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Demand for low-carb items is thinning out

Monday, December 20, 2004 | 12:00 a.m. CST; updated 6:43 a.m. CDT, Tuesday, July 22, 2008

Low-carb diets took the nation by storm last year. Local grocers scrambled to meet demand even as Krispy Kreme Doughnuts — a mass producer of high-carb foods — was forced to adjust earnings projections downward and to close stores and kiosks in Canada.

The holiday season and the rule of “what goes up must come down,” however, have contributed to a decline in demand for low-carb foods, as people are being lured back to the carb-laden world of bread and doughnuts.

Harry Balzer, vice president of the NPD Group, a consumer marketing research firm, said 3.5 percent of adults are on some kind of low-carb diet today, compared with a peak of 9 percent in January.

The growth in sales of low-carb products is declining as well, according to ACNielsen LabelTrends. ACNielsen in the third quarter of 2004 reported a 6 percent growth in sales of low-carb products, compared to a 105.5 percent gain in the first quarter of this year, when the anti-carb diet regime advanced by Dr. Robert Atkins was hitting its peak.

“We had a whole Atkins line of products, everything from pancake batter to chocolate syrup,” said Nate Hightower, assistant manager at Patricia’s Foods. The east-side grocer has since scaled back on its low-carb options.

The same is true at Hy-Vee Food Store.

“We used to have a full section (for low-carb foods), but we cut it down,” Hy-Vee manager Brad Kleinschmit said. “It was not warranting the space we provided.”

Kleinschmit said Hy-Vee once had a 20-foot section of the store dedicated to low-carb items but now spreads them throughout the store and marks them with orange cards to indicate they’re low-carb.

“The low-carb thing is slowing down,” said Hy-Vee bakery manager Dennis Hixson. People “are going back to regular bread and getting away from the low-carb stuff.”

Hixson said sales began to taper off around October. He and Kleinschmit attribute part of the trend to the holiday season. Hy-Vee’s bakery still carries an Atkins bread line, but the products have been marked down.

Hightower said lack of demand prompted Patricia’s to discontinue its Atkins low-carb bread line about a month ago.

“People weren’t buying it, and it would go bad so quickly,” Hightower said. “We tried putting it in the freezer, but eventually we just discontinued it.”

Patricia’s still carries Sara Lee brand low-carb bread, but Hightower said those sales are slowing down as well.

Lori Willis, director of communications for Schnucks in St. Louis, said the low-carb trend is not slowing down so much as it is stabilizing. She said there is still a solid core of customers who continue to buy low-carb products.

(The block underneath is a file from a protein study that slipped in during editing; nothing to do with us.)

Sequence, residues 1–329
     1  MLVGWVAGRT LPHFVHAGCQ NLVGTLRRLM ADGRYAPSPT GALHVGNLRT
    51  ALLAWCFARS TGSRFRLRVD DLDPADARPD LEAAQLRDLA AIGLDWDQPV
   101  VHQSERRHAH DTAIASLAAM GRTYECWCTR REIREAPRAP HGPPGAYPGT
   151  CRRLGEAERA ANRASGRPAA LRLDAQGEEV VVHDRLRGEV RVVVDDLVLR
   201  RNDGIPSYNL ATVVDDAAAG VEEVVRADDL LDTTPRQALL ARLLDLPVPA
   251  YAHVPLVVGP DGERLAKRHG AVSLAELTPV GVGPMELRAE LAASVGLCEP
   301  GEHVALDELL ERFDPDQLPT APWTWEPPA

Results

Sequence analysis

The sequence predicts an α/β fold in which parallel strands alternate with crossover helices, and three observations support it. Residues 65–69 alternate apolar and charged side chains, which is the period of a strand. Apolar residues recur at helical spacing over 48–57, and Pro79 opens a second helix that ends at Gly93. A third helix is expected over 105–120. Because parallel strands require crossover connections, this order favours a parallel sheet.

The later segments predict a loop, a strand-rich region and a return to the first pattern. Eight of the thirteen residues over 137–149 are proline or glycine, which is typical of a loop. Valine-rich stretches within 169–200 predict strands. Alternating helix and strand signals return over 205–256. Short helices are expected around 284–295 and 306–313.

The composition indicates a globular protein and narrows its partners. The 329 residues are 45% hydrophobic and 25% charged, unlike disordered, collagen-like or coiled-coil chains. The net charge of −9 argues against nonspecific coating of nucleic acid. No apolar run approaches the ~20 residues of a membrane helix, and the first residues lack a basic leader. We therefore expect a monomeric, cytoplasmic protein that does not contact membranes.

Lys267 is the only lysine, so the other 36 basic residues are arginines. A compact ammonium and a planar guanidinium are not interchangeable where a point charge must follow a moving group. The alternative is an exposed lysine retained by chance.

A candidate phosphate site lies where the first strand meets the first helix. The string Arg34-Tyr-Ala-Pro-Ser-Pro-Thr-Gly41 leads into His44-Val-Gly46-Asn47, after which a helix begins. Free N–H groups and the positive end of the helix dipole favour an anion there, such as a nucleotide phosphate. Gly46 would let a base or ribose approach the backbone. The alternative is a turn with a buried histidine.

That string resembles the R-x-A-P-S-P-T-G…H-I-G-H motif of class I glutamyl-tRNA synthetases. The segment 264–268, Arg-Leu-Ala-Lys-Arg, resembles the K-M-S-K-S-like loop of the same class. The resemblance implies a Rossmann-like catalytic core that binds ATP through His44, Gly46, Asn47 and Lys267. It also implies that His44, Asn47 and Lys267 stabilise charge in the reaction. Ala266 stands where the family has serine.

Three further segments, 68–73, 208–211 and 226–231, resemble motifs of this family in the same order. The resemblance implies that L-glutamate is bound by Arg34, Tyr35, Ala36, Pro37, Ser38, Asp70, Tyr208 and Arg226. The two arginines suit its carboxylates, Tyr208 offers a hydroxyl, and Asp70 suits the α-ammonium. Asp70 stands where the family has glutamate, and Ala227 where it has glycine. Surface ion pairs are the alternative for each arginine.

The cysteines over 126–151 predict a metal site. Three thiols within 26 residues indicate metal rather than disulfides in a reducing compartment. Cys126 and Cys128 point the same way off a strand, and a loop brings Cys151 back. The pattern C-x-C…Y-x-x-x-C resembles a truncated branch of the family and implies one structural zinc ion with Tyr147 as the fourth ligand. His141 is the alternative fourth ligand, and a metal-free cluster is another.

“We’ve seen this happen with other trends, such as the low-fat trend,” Willis said. “We anticipated it would peak at some point and then level off.”

Willis said each of Schnucks’ 120 stores is monitoring its shelves to see “where their customers’ loyalties lie.” For now, the Schnucks store in Columbia will continue to carry a large selection of low-carb products.

Balzer said the low-carb diet boom can be attributed to the fact that Americans just enjoy trying new diets.

“We are always trying new things,” Balzer said. “But for the most part, we don’t like to change.”

Helen Burnham of Weight Watchers in Columbia said the low-carb trend might be slowing because the diet is difficult to sustain.

“To give up an entire food group is hard for people,” Burnham said. “(People) do not want to permanently give up bread or hamburger buns or cereal.”

Burnham said a lot of people have rejoined Weight Watchers after struggling with a low-carb diet. “They say, ‘I tried doing that, but it was too hard for me,’ ” Burnham said. “You know, the key (to a diet) is to find something that you can keep doing.”

In any case, all bets are off for many people during the holidays.

“As far as (diets), during this time of year it does slow down,” said Geri Richardson, owner of Geri’s Person to Person weight-loss clinic in Columbia. “People are pretty well focused on family and shopping, family dinners and Christmas dinners.”

Richardson said she expects people to pick up their diets again after the first of the year. Kleinschmit said the low-carb craze might bounce back.

“I wouldn’t be surprised if after Jan. 1 it picks back up again, because of New Year’s resolutions … and things like that,” Kleinschmit said.

Balzer, of the NDP Group, said one of every three women and one of every five men are on some sort of diet.

“It’s been that way for 25 years,” Balzer said. “The most popular diet continues to be ‘my own’ diet, the one you make up yourself.”


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